Okay, let’s take these defenses of unpaid work and extend them up the organizational chart. In other words, if the unpaid internship system works so well for developing entry-level workers, why not apply the underlying logic and practice to budding managers and CEOs as well?

Let’s say, for example, that a company is weighing the hire of a very promising candidate for a mid-level manager position, but that individual has only modest experience in the field and has never held that level of managerial responsibility. Well, under the logic applied to defending unpaid internships at the entry level, why not ask that promising candidate to work for free in an “executive internship” for six months? Even if she doesn’t get an offer of full-time employment, she’ll still have received great experience and networking contacts!

Perhaps that candidate will balk at the prospect of working for free, citing the need to pay for food, housing, kids, and other extravagances. Just tell her, hey, what are you whining about?! You can always scrounge up some money from family and friends, dip into savings, or take a paying gig on the side! And didn’t you hear us on the great experience and networking opportunities?! If you want, we can even arrange for you to get COLLEGE CREDIT that you can apply to your next degree, so long as you’re willing to pay tuition!!!

It would be the same “win-win” cited by defenders of unpaid internships at the entry level, right?! And given the potential harm wrought by bad managers, the higher stakes would seem to justify this approach, yes?!

Reality check

I’ve raised this silly (but logical) suggestion to make my point: Work is work, and it should be compensated, regardless of where it lands on the org chart. Furthermore, anyone who advances to a position with new responsibilities, demands, and challenges is going to be learning — and sometimes receiving formal training — in order to do the job right.

A new manager, even an inexperienced one who will do some serious on-the-job learning, expects to get paid, and rightly so. But we’ve reached the point where in the eyes of some, simply slapping the label of “intern” on entry-level work removes any obligation to render even the minimum wage in return.

It’s time to change this frame.


For readers interested in the legal and policy implications of unpaid internships, I’ve written two law review articles that may be downloaded without charge:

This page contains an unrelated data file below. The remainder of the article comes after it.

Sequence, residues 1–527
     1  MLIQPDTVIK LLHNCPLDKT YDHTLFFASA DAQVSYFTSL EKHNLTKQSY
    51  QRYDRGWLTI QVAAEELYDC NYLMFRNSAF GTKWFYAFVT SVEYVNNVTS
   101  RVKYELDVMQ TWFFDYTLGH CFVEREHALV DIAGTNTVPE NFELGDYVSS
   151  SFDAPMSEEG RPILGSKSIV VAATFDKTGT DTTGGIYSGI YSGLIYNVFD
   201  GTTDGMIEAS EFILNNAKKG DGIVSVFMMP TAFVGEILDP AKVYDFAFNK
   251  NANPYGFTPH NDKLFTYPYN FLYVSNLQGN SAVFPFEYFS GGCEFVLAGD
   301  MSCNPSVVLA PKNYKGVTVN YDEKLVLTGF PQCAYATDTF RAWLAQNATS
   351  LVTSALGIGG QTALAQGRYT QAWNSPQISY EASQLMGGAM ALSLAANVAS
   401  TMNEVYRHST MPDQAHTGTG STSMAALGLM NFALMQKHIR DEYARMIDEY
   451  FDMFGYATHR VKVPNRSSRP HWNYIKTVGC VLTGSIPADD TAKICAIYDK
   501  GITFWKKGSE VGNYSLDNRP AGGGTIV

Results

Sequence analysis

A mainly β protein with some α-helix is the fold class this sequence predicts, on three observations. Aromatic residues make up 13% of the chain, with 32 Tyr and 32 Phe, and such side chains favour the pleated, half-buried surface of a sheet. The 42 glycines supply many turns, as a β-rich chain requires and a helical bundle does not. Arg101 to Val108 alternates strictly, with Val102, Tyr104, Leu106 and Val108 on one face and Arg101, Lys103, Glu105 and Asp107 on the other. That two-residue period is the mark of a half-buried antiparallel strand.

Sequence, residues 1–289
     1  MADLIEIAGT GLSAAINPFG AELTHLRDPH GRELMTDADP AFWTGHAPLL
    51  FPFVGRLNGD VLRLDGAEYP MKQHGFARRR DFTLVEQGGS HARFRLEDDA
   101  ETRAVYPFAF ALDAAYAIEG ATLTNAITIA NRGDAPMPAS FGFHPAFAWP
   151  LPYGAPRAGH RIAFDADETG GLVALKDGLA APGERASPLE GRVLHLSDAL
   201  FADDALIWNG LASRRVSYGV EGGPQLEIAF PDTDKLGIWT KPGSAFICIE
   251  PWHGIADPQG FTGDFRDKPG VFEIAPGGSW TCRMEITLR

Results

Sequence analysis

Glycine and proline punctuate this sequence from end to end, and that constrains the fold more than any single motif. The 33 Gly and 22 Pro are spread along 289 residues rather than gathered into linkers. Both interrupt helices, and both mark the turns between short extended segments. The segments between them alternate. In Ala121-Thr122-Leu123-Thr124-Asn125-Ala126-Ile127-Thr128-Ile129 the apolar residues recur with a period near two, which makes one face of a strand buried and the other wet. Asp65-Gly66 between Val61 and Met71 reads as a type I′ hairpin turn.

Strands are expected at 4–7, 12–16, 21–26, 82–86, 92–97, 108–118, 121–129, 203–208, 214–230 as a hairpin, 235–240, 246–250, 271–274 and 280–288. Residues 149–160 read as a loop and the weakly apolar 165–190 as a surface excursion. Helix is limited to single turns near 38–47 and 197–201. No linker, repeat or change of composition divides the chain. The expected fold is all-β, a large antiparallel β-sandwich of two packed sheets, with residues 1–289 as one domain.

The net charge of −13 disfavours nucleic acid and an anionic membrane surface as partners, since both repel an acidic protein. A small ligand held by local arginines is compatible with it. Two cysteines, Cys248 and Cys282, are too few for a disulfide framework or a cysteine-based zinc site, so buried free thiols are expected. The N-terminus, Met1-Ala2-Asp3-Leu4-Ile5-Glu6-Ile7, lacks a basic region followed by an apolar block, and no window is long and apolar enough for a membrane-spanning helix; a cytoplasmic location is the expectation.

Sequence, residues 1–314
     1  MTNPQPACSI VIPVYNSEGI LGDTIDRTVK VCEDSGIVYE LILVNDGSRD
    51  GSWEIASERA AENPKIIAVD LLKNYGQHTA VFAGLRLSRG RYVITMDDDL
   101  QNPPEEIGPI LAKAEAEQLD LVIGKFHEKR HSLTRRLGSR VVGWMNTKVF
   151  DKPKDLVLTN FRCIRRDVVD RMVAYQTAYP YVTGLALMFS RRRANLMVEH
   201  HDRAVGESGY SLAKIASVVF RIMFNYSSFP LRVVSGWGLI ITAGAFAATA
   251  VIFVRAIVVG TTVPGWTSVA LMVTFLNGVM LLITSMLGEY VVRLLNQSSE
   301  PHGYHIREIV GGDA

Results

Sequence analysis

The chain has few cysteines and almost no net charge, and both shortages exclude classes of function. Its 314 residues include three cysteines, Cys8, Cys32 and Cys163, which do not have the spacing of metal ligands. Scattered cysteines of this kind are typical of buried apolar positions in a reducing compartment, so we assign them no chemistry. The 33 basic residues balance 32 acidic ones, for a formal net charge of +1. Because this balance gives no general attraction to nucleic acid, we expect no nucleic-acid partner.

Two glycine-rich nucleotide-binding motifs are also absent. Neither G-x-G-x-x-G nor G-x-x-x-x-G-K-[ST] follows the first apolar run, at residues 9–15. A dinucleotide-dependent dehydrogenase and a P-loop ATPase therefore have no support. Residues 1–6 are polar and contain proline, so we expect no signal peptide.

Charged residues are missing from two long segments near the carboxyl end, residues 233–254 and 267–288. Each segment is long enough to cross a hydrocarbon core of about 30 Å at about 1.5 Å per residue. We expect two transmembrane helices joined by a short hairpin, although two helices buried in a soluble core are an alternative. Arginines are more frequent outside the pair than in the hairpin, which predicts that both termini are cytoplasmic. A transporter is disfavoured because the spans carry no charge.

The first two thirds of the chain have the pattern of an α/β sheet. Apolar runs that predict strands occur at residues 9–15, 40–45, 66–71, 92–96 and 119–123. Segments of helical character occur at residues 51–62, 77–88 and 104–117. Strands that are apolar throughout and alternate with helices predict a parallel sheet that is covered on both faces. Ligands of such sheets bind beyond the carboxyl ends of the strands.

The Legal and Social Movement Against Unpaid InternshipsNortheastern University Law Journal (forthcoming, 2014)

The Employment Law Rights of Student Interns – Connecticut Law Review (2002)

Bullying athletic coaches

Boston University women’s basketball coach Kelly Greenberg faces multiple accusations of severe emotional abuse directed toward some of her players, raising once again the specter of bullying behaviors associated with big-time sports. As reported by Bob Hohler for the Boston Globe:

One basketball player at Boston University said she felt so emotionally damaged by her coach she considered suicide.

Another player said the coach, Kelly Greenberg, treated her so poorly she sought mental health care. And two other players said Greenberg’s emotional abuse ruined their love of the sport.

All four women walked away from the BU women’s basketball team this academic year, an exodus that has renewed questions about Greenberg’s treatment of her student-athletes — and her future at the school.

Although B.U. is launching an inquiry into Greenberg’s overall performance, including the bullying allegations, this apparently is not the first time that numerous players have complained about her alleged mistreatment of them. As further reported by Hohler:

Greenberg faced similar complaints seven years ago, when most of her players reported to BU’s athletic director that Greenberg routinely engaged in unwarranted and damaging personal attacks against them.

Bigger problem

Bullying coaches are nothing new. Famed Indiana University basketball Bobby Knight served as a poster case for such behaviors and eventually lost his job due to his excesses. Knight also happened to be very successful, a claim that not all out-of-control coaches can make.